I have to disagree with Mary Smith from America who said that this series
better than Brideshead Revisited. A Dance to the Music of time is almost
completely devoid of any charismatic or otherwise engaging characters,
exception of the likeable Stringham and the repulsive Widmerpool. It
towards Brideshead far too obviously (perhaps this was inevitable given
subject matter and the era) and in a way that only demonstrates its
inferiority. The dialogue and direction are far too stagey, with the
character's words just don't ring true. Moreover I felt no concern for
characters: they wander aimlessly through their lives and we are offered
more than disconnected snapshots to develop our interest. There seems to
no analysis of or motivation for any of their actions: one character
another, some people get married, some divorce and some die. There is
way of analysis: we "see" a lot, but understand (or care for) little of
I confess that I enjoyed this series in parts. The costumes really are very good and the better actors do try valiantly with this stilted and sterile script. But it really is almost embarrassing compared to the infinitely superior Brideshead. Apart from a few entertaining scenes involving people dying at parties, and a rather enthusiastic display of nudity in the early scenes, this mini-series is really only for those who have read the books, and even then only as a curiosity piece.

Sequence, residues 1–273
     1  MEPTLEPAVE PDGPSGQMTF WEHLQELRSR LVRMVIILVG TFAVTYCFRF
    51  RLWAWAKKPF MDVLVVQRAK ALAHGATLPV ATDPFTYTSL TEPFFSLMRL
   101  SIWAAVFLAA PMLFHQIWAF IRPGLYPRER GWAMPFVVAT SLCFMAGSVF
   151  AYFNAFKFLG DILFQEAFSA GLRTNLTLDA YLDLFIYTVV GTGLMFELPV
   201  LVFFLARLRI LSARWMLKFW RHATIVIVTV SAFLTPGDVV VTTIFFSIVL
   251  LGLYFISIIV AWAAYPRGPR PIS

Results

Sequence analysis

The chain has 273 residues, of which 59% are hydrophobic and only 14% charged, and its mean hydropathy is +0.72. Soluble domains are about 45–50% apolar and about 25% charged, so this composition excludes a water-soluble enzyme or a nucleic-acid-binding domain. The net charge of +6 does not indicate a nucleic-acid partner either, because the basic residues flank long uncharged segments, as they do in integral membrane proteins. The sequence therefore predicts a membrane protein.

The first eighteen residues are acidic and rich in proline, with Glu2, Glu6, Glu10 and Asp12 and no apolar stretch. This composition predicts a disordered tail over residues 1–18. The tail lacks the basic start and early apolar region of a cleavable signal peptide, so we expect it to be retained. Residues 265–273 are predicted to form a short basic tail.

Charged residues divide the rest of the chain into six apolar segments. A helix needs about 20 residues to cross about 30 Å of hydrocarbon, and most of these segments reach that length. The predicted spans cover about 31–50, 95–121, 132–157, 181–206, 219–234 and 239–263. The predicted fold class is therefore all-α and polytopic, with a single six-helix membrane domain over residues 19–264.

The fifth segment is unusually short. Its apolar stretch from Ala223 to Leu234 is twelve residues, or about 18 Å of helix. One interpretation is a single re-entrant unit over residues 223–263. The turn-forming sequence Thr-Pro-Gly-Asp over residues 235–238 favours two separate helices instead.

Perhaps I have come to expect too much of British mini-series after being spoilt by productions such as Brideshead Revisited, Martin Chuzzlewit and Pride and Prejudice. Nonetheless, A Dance to the Music of Time is a barely entertaining, wasted opportunity.
*** This review may contain spoilers ***
I obtained this four DVD series from a local library. I saw it
advertised in a catalog and recognized some of the performers so I
thought it might be interesting. My impression was that the first three
decades were almost totally divorced from the final decade. We liked
the performance and narration by James Purefoy of the lead character
Nick Jenkins but I felt the series would have ended satisfactorily when
he returned from WWII to his wife and child. I stared in disbelief at
the final episode when the main characters of Nick Jenkins, his wife
Isobel and his former lover Jean were now all portrayed by different
performers? I suspect the original actors might have read the script